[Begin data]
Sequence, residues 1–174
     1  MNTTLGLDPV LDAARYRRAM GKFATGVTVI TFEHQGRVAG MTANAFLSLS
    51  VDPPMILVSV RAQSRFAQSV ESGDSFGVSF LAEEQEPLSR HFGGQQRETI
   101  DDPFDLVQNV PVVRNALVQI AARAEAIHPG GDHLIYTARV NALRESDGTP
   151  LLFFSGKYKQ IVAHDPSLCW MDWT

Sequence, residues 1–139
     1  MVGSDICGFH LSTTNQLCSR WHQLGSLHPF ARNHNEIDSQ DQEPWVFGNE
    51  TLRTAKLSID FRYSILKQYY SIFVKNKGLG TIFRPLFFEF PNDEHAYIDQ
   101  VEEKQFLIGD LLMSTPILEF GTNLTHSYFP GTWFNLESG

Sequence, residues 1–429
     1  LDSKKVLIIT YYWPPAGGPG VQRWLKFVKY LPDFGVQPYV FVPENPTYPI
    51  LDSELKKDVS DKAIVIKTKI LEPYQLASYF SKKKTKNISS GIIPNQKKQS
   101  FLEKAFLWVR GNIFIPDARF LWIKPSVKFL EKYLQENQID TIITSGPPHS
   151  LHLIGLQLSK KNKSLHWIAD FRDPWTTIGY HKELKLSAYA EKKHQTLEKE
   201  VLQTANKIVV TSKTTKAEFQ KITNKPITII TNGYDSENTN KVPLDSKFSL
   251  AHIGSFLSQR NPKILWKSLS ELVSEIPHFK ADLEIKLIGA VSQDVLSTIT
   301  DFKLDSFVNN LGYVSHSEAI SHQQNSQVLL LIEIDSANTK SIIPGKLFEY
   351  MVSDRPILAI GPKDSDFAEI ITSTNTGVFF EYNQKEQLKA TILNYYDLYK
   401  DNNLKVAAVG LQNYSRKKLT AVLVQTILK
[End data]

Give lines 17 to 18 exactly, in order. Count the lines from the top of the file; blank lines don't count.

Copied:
   301  DFKLDSFVNN LGYVSHSEAI SHQQNSQVLL LIEIDSANTK SIIPGKLFEY
   351  MVSDRPILAI GPKDSDFAEI ITSTNTGVFF EYNQKEQLKA TILNYYDLYK